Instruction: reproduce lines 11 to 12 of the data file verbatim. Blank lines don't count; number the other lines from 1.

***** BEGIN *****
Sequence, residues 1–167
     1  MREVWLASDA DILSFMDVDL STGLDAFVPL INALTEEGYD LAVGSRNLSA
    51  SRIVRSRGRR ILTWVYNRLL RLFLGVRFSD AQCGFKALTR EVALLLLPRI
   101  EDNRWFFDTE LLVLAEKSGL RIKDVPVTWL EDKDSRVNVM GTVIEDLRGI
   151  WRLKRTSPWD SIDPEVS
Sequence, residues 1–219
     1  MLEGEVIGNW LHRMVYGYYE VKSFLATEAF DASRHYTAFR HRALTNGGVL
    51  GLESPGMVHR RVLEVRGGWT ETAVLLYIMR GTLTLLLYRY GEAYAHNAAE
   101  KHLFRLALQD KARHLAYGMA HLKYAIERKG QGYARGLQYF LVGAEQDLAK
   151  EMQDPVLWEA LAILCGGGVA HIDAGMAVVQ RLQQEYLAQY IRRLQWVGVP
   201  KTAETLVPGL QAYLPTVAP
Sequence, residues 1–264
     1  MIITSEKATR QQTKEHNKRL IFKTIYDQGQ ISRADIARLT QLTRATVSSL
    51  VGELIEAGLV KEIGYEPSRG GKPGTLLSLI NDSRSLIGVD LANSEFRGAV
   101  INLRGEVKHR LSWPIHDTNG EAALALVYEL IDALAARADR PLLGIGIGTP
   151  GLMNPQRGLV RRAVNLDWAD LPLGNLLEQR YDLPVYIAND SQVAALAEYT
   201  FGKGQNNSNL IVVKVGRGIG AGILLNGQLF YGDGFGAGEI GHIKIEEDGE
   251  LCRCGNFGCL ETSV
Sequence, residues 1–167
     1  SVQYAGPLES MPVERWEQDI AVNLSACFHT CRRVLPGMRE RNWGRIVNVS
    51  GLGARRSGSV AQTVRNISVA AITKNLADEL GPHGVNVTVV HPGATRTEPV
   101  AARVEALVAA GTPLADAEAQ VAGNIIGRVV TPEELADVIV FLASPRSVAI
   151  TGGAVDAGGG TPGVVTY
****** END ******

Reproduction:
   201  KTAETLVPGL QAYLPTVAP
Sequence, residues 1–264